Just over a year ago, Coach Nick Saban was rightly pilloried for the Jonathan Taylor debacle. When asked to provide his reasoning on accepting a potentially violent felon into the program, Saban seemed peevish, churlish, and came across very much as the win-at-all-costs guy that opponents and many in the national media wish to portray him as.
Many in and around the University, a considerable portion of the fanbase, and general national consensus could not see why Saban would damage his reputation, and potentially endanger students and the community, for a person facing allegations as Taylor did.
As we now know, that was a poor decision.
Taylor did reoffend and find himself back in legal crosshairs, though no charges were ultimately presented. Still, the poor taste lingered in the mouths of the SEC programs such that the conference passed a first-of-its-kind transfer rule designed to prevent second chances for certain offenses the league felt were beyond the pale, and simply not deserving of a second chance at an SEC member institution.
A year later, Alabama faces another criminal dilemma, where two players with previously-clean criminal and internal disciplinary records have made incalculably poor decisions. Worse, one of those decisions apparently involves a stolen firearm. We do not yet know whether Robinson is implicated in its theft or knowingly possessed a stolen weapon which had been transported across state lines.
Still, give the Coach credit: He is nothing if not consistent in generally giving players second chances if he feels they can benefit from the program structure and a chance to turn their lives around or rehabilitate a poor decision.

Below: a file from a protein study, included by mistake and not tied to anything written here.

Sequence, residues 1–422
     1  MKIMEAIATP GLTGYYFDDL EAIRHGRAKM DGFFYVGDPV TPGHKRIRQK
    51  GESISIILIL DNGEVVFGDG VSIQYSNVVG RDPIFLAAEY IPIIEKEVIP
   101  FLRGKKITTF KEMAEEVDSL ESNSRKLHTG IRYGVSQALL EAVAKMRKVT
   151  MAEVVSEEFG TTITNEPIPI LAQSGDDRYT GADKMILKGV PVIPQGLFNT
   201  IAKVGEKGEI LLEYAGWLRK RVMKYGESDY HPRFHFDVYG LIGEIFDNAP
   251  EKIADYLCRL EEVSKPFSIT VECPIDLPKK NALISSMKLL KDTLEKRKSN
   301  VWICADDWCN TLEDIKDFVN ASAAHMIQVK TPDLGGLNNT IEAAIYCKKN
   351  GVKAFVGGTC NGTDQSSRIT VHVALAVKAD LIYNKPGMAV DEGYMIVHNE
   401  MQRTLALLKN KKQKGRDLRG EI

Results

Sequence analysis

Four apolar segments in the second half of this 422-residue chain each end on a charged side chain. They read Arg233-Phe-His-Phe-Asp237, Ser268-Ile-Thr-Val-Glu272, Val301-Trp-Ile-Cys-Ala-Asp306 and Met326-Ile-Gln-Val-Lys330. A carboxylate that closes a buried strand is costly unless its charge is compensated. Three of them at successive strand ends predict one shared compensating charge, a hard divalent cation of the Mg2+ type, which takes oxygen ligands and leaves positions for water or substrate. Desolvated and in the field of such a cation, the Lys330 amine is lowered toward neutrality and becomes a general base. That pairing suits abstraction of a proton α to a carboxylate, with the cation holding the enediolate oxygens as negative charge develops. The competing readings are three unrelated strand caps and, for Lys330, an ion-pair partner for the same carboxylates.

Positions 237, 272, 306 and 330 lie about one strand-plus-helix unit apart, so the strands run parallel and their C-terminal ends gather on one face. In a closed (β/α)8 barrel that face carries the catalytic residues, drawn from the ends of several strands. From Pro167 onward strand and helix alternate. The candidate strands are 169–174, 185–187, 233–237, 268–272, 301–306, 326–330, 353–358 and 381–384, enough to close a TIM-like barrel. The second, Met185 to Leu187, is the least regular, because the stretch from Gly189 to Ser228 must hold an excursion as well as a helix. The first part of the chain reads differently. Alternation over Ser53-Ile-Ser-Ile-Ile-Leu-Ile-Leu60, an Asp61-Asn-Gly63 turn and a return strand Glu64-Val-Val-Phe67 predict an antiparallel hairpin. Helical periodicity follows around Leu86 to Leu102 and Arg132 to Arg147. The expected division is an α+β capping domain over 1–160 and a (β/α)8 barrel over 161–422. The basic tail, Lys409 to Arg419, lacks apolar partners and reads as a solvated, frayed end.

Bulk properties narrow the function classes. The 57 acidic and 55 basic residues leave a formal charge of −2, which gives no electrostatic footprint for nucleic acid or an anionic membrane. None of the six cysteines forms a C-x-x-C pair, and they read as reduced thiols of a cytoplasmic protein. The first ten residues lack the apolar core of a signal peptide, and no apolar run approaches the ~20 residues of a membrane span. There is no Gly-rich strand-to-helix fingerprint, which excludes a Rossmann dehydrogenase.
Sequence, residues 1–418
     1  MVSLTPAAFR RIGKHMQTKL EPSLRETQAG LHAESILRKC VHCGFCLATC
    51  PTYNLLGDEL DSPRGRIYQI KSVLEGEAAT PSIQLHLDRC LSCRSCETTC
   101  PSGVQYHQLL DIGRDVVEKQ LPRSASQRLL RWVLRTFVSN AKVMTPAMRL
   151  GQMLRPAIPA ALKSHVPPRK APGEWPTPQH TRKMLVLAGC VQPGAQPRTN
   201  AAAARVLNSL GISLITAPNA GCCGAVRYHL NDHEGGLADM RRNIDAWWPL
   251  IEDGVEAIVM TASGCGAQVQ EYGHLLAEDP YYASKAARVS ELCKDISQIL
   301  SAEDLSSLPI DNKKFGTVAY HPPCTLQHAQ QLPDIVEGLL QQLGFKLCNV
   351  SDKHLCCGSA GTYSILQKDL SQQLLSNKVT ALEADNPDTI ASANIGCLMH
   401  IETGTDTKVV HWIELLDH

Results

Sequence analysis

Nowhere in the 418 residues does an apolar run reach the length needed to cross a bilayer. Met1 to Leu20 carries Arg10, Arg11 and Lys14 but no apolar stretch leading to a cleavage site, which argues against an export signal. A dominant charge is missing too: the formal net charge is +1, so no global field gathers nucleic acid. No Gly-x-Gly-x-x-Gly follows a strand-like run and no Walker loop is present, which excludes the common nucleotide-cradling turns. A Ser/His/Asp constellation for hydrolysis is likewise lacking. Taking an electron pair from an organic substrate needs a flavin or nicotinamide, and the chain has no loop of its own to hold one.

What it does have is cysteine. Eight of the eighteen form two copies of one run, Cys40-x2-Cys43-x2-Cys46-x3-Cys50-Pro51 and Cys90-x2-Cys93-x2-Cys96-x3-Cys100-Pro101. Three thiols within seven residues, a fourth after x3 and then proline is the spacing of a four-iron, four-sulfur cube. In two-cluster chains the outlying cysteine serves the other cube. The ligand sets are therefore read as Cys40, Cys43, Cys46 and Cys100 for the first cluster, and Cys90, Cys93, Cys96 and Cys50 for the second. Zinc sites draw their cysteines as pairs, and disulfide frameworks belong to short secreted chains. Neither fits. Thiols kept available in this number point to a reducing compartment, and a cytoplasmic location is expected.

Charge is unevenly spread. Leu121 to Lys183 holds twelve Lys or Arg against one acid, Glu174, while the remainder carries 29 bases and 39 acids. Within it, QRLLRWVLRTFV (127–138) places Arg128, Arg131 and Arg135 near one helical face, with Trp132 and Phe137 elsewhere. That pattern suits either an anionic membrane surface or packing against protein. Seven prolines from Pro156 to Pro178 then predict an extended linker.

Yesterday was the most coherent defense of that disciplinary philosophy.
On Wednesday, speaking with Paul Finebaum at the Region's Pro-Am in Birmingham, the head man was anything but defensive and reactionary. Rather, he was very proactive in defending his program, his thought process, rehabilitation and second chances generally.
"Cam Robinson has been a really good player for us, he’s been a really good person for us, he’s never been in trouble before so - you know - all of those things are things that need to be taken into consideration," Saban said. "It’s certainly not the kind of behavior that we’d like for any of our players to ever represent the university or themselves or their family."
Saban has a track record of giving players second chances, and Saban talked about his philosophy on that subject.
"Discipline is actually any kind of punishment that’s going to change somebody’s behavior," Saban said. "I think what everybody has to ask is — just like you would with your own children — is, 'Is the guy better off with us with the structure and the direction he’s going to get and the opportunities that he can take advantage of and be somebody that other people can emulate with his leadership, or are we better off throwing him out with the bath water?' I don’t feel like that’s always the right thing to do unless it’s really warranted. ... I think that’s what our whole country is all about. Don’t we try to give people opportunities?"
One does not get the feeling that this about competition either. Saban has been very quick to boot players that he feels cannot in fact benefit from a second chance, or, in some cases, do not deserve one at Alabama. Rather, you get the sense that he believes Robinson and Jones are fundamentally good people who made a mistake.
For now, we'll take him at his word: his track record has earned the benefit of the doubt, as DJ Pettway, Courtney Upshaw, Jonathan Allen and innumerable others have shown over the last decade -- the Jonathan Taylor situation was just that, limited to Jonathan Taylor, not Saban's instincts.